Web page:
Sander M. Goldberg, Epic in Republican Rome. Oxford: Oxford University Press, 1995. Pp. xii + 196. $29.95. ISBN 0-19-509372-0.
Reviewed by Oliver Phillips, University of Kansas (firstname.lastname@example.org).
Forty-six lines or fragments of lines from Livius Andronicus' Odissia, as given in Warmington, survive. The longest citations run to three or parts of four lines; most comprise a single line or less. All of these without exception are citations from grammarians to illustrate archaic diction of one sort or the other. Andronicus is never cited as literature but serves only as the corpus vile to illustrate matters of language. Naevius fares a bit better, for Servius quotes him to demonstrate the source of passages in the Aeneid. Ennius comes off the best, largely due to Cicero's affection for the old poet, but still most of our surviving Ennius comes from grammarians as well.
If the post-Ciceronian ancient world had trouble recognizing these writers as poets possessed of any sort of aesthetic merit, so has the modern, for the most part. It is just this deficiency that Goldberg undertakes to remedy in his brief (171 pages plus ancillary material) but dense study of Andronicus, Naevius, and Ennius, with Cicero both as a translator and original poet added as a fourth. Goldberg firmly excludes Lucretius and Catullus' longer narrative poems: "Whole texts are bullies" (v).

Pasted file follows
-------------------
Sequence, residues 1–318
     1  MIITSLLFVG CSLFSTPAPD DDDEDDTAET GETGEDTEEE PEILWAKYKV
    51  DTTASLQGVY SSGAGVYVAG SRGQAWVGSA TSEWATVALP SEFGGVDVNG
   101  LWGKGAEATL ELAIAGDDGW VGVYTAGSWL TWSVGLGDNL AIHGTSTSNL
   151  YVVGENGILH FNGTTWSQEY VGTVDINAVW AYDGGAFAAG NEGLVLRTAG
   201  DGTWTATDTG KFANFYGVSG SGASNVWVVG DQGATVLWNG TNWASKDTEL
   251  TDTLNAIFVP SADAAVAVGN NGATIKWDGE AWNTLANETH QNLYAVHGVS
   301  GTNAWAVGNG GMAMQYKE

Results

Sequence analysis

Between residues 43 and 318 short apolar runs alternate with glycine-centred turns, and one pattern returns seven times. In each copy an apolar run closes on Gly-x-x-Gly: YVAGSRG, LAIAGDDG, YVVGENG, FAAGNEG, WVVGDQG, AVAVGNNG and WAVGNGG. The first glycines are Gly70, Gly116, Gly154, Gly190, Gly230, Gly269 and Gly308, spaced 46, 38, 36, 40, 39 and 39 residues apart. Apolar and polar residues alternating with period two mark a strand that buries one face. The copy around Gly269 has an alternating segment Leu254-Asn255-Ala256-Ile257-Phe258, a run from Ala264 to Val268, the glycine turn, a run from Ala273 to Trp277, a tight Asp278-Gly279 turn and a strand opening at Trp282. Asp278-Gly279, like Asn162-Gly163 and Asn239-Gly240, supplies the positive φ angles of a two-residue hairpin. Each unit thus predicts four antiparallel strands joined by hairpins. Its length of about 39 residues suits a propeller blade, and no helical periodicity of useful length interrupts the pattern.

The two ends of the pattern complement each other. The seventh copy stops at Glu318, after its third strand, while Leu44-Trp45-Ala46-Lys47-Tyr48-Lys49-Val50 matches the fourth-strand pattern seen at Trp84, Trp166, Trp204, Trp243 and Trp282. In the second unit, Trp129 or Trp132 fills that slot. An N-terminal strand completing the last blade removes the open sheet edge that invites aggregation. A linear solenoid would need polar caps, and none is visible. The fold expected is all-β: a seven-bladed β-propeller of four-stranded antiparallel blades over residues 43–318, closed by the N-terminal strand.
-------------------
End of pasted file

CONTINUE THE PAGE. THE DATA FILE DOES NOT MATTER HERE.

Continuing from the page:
The author must face down a formidable array of critics who have minimized the literary merit of these poets: among them Wilkinson, Conte (9-11), and Brooks Otis (56-57) in our own day and, more daunting, Horace and others in antiquity, who had the advantage of having whole texts before them (46). We even must add to these ancient critics Ennius himself, with his famous put-down of his predecessors and their Saturnian measure: "scripsere alii rem / vorsibus quos olim Faunei vatesque canebant" (206-07 Skutsch). He supports his contention that the poets of Republican epic did in fact possess literary talent and did deliberately use poetic artifice by careful analyses of passage after passage. In laying his foundation he finds it necessary to reject the contention that these writers were, on one interpretation, strongly under Alexandrian influence (vi-vii) and on another belonged to a "bardic" tradition (44-45).